The West

Kasabian score a winner
Kasabian. Picture: Ben Crabtree/The West Australian

3.5 stars
Metro City
August 5

After recently closing Glastonbury to tens of thousands of fans, Leicester rave rockers Kasabian played to a far smaller but equally rabid audience in Perth on Tuesday evening.

The capacity Metro City crowd at the first gig of their Australian tour for fifth album 48:13 was dominated by English men and women keen to get a sonic reminder of the brown, brown mud of home. It seemed like half of Leicestershire were there, via Joondalup.

One old chum confirmed that the band's frontmen were soccer mad at school. Songwriter, guitarist and Noel Fielding lookalike Sergio Pizzorno played a great game - he almost went professional - while lippy singer Tom Meighan talked one.

The formation remained the same at Tuesday's fixture. Pizzorno made the plays alongside five teammates, leaving Meighan to slot home goals in front of the adoring terraces.

Kasabian's tactics were attack, attack, attack. No ballads, just bombastic rocker after bombastic rocker with hooks more bendy than a Beckham cross.

After a ballsy 30-minute set from Melbourne rockers the Delta Riggs, the seven-piece hit the stage with new number Bumblebeee, the extra "e" a thinly veiled reference to the techno-culture influences showcased on 48:13.

Later a mash-up of Processed Beats and The Doberman highlighted Pizzorno's love of hip-hop, while Treat - another new track - segued into a Giorgio Moroder-esque electronic outro that had the dancing guitarist and many punters pretending it was Saturday night at the disco.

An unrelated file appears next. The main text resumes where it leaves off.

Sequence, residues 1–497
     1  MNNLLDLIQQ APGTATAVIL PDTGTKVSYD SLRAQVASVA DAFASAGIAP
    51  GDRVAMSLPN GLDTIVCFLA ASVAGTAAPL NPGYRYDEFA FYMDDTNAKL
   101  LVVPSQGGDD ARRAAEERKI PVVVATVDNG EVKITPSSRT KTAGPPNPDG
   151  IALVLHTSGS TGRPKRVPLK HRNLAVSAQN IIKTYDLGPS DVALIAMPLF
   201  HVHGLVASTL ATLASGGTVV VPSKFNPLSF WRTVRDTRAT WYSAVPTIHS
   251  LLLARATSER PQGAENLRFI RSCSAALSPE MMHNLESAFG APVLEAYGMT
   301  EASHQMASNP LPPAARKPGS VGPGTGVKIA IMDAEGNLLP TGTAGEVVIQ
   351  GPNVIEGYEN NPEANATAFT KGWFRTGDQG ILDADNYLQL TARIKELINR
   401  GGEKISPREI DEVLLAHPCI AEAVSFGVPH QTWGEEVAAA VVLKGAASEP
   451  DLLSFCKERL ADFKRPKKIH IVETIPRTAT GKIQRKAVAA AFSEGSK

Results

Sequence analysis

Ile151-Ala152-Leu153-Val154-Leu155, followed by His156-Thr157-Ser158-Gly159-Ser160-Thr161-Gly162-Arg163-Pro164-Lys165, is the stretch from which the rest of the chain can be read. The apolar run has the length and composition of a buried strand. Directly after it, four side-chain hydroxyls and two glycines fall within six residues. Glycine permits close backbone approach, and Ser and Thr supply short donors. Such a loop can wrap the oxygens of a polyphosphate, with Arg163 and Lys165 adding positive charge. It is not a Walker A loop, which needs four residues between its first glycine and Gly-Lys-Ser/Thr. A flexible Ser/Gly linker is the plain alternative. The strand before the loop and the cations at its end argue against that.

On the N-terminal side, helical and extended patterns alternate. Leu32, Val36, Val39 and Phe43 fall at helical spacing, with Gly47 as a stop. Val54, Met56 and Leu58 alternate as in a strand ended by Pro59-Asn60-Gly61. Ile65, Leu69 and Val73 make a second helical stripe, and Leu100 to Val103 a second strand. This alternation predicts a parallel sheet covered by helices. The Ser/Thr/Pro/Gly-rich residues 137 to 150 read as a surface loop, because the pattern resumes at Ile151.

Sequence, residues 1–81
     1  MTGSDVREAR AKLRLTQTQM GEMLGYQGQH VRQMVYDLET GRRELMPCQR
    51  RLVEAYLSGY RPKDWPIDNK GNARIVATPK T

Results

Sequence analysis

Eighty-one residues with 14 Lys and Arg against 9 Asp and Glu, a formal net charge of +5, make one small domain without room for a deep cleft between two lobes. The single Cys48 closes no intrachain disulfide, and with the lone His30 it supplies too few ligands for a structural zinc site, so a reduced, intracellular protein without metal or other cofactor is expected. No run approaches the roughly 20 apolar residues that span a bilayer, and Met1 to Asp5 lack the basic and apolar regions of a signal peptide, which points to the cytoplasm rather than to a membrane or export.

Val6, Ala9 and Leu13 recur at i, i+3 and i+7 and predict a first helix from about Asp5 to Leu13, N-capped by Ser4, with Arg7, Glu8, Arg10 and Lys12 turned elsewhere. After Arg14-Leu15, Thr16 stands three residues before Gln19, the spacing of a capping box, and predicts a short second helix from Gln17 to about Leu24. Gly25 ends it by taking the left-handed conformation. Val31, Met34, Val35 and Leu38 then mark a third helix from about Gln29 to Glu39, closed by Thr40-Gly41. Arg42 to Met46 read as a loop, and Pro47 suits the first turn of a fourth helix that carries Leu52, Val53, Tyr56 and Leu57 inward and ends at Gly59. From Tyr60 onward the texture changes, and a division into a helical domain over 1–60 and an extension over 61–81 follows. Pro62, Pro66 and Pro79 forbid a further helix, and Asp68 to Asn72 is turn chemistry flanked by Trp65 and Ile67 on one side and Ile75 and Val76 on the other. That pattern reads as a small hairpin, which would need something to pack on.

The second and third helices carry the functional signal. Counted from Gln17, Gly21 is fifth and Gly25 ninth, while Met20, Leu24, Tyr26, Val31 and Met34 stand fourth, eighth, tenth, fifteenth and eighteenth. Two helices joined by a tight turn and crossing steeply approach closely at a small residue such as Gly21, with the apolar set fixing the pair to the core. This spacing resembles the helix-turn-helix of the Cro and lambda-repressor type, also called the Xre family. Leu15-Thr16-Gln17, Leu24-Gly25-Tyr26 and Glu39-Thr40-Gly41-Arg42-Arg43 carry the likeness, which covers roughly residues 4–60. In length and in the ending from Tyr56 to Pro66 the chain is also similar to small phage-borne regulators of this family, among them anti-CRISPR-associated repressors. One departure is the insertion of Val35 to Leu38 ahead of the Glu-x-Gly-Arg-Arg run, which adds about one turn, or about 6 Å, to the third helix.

It was "f…ing good for a Tuesday," according to Pizzorno, who added: "Who said rock'n'roll fans couldn't dance?"

Latest single Eez-eh proved to be Kasabian's impressive attempt at a chav anthem, an update on Underworld's Born Slippy. They later busted out a cover of Fatboy Slim's Praise You, which also went down a treat.

Away from showing an understanding that festival fans (and Perth concert-goers) enjoy a bit of clubland with their rock, the Leicester lads displayed their debt to Oasis, Primal Scream and Spinal Tap.

Their big, dumb but ultimately irresistible hits, including Shoot the Runner, Underdog, Club Foot and Empire, got Metro City pumping.

The match went into extra time with the industrial Switchblade Smile and rabble-rousing Vlad the Impaler, with its call to "get loose" somehow upping the ante before the finale of Fire saw arms, beers and less hefty punters go flying.

What you see is what you get with Kasabian, and the result was in no doubt: back of the net.

Kasabian's tactics were attack, attack, attack. No ballads, just bombastic rocker after bombastic rocker with hooks more bendy than a Beckham cross.

The West Australian

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